The New York Stock Exchange will close its trading floor for its first weather-related closure in 27 years as Hurricane Sandy sets its sights on Manhattan.
Originally, the NYSE hoped to shift trading to its electronic NYSE Arca exchange, which is not based near New York. The Nasdaq, already an electronic platform, had intended to stay open as well, but will also be shuttered. The decisions to close them altogether came just before midnight on the East Coast, and officials say they will decide about Tuesday later today.
The CBOE will cease trading on Monday too, and the CME Group will close the trading floor of the Nymex commodities exchange as well, moving it to an electronic platform.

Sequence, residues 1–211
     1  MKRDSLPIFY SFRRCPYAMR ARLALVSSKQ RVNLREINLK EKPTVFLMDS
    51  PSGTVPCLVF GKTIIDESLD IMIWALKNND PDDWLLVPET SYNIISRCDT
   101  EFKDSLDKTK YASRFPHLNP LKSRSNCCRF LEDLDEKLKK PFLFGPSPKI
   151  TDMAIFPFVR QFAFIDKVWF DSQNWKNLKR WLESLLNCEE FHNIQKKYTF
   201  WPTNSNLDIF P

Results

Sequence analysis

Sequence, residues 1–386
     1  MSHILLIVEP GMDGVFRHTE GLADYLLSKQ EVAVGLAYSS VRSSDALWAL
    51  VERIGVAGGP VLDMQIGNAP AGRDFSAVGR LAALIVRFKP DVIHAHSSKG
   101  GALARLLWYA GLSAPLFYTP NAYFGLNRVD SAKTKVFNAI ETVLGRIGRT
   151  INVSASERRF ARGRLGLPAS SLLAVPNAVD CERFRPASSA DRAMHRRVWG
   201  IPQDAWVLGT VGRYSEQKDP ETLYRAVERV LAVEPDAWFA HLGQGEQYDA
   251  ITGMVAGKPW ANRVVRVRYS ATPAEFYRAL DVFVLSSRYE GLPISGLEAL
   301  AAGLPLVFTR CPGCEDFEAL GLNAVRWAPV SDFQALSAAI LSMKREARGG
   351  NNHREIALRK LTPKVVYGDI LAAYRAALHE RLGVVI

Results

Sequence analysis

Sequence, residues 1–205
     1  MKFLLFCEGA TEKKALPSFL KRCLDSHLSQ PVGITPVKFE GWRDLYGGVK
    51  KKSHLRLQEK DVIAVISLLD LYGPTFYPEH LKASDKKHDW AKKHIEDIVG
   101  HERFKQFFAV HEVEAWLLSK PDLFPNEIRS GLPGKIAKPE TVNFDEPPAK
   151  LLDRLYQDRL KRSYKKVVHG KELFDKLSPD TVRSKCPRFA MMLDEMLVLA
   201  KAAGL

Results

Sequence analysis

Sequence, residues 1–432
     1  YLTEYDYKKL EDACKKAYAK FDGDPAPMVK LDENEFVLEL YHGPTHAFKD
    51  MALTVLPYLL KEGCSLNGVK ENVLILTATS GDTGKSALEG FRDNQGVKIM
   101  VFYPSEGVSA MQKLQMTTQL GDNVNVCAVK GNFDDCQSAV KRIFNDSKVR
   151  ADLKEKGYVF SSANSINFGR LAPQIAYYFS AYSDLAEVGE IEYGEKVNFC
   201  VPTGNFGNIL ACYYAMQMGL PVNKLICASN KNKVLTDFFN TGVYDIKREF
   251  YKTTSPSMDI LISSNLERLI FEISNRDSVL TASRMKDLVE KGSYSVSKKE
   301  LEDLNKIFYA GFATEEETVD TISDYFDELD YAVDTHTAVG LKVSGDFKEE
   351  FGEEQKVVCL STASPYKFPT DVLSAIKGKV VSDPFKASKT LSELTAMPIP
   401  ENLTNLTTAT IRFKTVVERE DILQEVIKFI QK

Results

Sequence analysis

Most of Manhattan was closed off by 9 p.m. Sunday, when New York Gov. Andrew Cuomo ordered New York's public transportation closed off, shutting down access for the 8.5 million people who use subways, buses and railroads to enter the city every day.
Traffic was still moving about this morning, but must of New York is quiet this morning as schools cancelled.
Manhattan's Financial District sits in a low-lying part of the island, which is subject to flooding. The NYSE hasn't changed trading for weather in more than a decade, when in 1996, a blizzard delayed its opening. Hurricane Gloria in 1986 also forced the NYSE to close, and since then the exchange has developed its electronic trading.